Ontario Provincial Election 2022 Jun2 02 used the Dominion Voting Imagecast Precinct tabulation machine. Photo by Don Tai
The world’s democracies hinge on elections being fair and above board. No party should be able to “steal an election”, with no vote rigging or other shenanigans. At the end of an election day, when election workers are most tired, the counting of votes is a critical final step to the final election result. The Dominion Voting Company’s Imagecast Precinct, or “tabulator” as we call it, is a vote counting machine that reads all votes throughout the election day. At the end of the election day the poll is closed and, “voila”, the election poll results are printed out on a grocery store sales slip-type of thermal printout.
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Election Machine Vote Tabulation, Dominion Voting Imagecast Precinct: 2022 Review, Ontario Election
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Canada Election 2021 DRO kit, ballot box, ballots, lots of papers. Photo by Don Tai
In Canada’s elections, there are hundreds of polling locations. Each polling location must have one or more polls, where a Canadian citizen over the age of 18 will receive a ballot, mark their chosen political candidate on the ballot, and finally drop the ballot into the ballot box. At the end of the night after polls close, the ballots in the ballot box are counted. Results for each candidate are then phoned into the local polling office. Results are then tallied up to larger and larger geographic levels.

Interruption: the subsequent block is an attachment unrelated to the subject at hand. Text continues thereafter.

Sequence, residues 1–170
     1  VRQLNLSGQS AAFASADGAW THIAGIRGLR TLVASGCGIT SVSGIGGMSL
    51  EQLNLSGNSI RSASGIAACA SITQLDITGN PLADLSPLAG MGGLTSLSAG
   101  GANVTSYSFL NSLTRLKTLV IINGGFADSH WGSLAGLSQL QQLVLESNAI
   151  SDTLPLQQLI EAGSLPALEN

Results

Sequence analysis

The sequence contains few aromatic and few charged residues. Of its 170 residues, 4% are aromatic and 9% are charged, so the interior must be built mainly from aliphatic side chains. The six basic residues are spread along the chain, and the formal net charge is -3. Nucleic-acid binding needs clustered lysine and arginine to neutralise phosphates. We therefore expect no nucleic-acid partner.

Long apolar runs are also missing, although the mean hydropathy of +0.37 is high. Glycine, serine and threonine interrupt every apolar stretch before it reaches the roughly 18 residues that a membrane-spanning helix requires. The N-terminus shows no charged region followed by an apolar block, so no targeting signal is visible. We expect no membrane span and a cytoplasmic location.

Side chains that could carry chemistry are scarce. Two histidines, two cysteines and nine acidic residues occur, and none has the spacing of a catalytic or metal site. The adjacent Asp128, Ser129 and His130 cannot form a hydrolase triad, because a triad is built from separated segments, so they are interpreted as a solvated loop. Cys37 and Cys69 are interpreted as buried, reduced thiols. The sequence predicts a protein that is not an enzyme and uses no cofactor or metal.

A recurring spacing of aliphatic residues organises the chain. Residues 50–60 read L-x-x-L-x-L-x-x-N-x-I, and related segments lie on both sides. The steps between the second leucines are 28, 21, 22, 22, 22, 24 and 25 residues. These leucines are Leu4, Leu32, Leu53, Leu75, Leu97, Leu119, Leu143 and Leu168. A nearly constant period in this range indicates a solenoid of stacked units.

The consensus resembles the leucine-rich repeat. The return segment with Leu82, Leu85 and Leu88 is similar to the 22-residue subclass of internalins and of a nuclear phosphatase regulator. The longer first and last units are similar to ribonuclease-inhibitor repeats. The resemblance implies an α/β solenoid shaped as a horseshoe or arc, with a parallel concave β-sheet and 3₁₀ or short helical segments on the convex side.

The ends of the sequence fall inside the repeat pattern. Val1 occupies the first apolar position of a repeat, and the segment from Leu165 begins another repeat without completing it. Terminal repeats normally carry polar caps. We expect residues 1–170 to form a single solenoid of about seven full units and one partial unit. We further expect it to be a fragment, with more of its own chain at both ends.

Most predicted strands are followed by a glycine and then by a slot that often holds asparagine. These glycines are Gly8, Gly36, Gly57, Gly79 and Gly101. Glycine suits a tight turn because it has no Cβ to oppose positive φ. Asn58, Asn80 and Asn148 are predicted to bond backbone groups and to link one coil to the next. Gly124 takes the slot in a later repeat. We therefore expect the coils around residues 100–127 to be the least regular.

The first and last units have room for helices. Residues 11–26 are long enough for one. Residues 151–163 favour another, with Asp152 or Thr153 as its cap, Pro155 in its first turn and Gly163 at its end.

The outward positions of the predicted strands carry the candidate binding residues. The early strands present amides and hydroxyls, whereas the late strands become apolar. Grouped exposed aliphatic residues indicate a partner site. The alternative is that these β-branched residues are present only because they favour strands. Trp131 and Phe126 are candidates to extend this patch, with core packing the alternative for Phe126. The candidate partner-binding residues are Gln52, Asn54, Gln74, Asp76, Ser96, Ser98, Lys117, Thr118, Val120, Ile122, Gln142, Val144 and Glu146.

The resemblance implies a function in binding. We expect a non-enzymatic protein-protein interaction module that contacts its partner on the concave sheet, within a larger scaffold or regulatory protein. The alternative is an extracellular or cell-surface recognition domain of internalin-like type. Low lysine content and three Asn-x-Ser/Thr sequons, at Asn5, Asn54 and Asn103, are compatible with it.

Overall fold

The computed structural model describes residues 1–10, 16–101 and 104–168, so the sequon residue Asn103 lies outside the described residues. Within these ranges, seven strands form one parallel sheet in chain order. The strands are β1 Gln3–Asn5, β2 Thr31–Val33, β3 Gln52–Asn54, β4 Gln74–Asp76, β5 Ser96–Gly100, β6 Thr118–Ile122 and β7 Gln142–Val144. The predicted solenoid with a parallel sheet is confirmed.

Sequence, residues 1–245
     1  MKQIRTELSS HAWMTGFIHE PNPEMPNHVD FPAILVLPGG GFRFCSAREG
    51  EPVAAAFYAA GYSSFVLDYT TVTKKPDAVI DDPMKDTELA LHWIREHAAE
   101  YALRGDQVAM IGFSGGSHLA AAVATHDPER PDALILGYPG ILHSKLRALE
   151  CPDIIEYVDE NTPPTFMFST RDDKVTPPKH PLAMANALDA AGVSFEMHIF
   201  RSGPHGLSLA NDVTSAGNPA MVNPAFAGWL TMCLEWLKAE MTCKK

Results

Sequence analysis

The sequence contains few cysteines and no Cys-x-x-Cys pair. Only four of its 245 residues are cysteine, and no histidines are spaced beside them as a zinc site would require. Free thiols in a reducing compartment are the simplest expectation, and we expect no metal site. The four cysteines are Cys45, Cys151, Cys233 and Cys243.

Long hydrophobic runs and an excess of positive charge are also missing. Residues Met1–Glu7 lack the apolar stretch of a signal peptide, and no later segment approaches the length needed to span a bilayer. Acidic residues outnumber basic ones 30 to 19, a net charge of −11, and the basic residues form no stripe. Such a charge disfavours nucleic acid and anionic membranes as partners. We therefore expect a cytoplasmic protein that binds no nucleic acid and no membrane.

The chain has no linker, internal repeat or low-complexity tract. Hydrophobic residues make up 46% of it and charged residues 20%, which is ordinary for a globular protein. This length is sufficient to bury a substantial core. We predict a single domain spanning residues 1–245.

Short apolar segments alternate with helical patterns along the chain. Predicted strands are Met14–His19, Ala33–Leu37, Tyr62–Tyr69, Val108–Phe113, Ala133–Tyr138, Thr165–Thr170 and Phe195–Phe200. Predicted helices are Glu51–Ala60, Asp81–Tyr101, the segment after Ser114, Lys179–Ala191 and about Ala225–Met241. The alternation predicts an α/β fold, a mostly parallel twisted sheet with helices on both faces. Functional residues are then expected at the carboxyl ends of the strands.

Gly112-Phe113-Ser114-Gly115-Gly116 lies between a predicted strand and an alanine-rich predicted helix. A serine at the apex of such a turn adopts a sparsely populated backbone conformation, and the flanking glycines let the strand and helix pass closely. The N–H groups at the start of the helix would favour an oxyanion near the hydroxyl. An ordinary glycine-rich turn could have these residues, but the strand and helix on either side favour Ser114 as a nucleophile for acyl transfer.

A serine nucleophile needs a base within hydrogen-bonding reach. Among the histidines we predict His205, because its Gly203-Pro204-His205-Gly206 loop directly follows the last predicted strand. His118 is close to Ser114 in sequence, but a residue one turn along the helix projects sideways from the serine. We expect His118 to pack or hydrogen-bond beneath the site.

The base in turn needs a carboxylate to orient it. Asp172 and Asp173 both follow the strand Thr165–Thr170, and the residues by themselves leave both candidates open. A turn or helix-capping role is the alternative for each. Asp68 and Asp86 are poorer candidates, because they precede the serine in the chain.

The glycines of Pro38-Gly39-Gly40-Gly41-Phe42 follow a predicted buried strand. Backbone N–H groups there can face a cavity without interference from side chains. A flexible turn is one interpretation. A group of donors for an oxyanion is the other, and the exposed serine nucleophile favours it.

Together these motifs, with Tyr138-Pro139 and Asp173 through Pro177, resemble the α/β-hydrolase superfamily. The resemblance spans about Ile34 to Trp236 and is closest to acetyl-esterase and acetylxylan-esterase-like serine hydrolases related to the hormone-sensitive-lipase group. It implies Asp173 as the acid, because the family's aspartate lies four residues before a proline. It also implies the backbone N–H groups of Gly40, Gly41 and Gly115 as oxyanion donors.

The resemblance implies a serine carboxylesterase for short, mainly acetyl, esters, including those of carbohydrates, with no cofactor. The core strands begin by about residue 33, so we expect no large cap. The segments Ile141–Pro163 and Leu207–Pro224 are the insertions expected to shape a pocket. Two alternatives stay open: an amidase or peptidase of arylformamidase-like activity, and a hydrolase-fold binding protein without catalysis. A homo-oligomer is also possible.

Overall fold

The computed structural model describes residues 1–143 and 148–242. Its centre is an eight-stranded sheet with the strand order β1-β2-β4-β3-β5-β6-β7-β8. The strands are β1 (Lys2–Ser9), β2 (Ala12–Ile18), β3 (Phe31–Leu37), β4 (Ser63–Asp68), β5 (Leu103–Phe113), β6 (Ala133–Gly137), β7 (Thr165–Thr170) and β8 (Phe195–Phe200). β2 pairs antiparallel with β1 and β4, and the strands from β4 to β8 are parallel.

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Canadian Election: Deputy Returning Officer DRO Tips
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Successful Rob Ford Mayoral campaign: simple, effective, and grassroots
Democracy works by allowing anyone to campaign for a political position, and the person who gets the most votes, gets the position. Apart from a couple of years living in China, this is all I have known. Here in Toronto we have a new mayor who campaigned on the platform of cost and waste reduction. Roughly a third of all councilors were swept out, replaced by fresh faces and ideas. We have “polls” that predict the outcome of the election before election day. These polls are akin to taking the pulse of a patient, an indicator of events to come. Using scientific and statistical analysis one would think that these polls would be quite accurate, but in the case of Toronto’s mayorality race, the polls were very wrong, by a large margin. It turns out that the offline community, those that do not have internet access or those that spend very little time online, threw the polls off, so much so as to question the benefits of polling all together.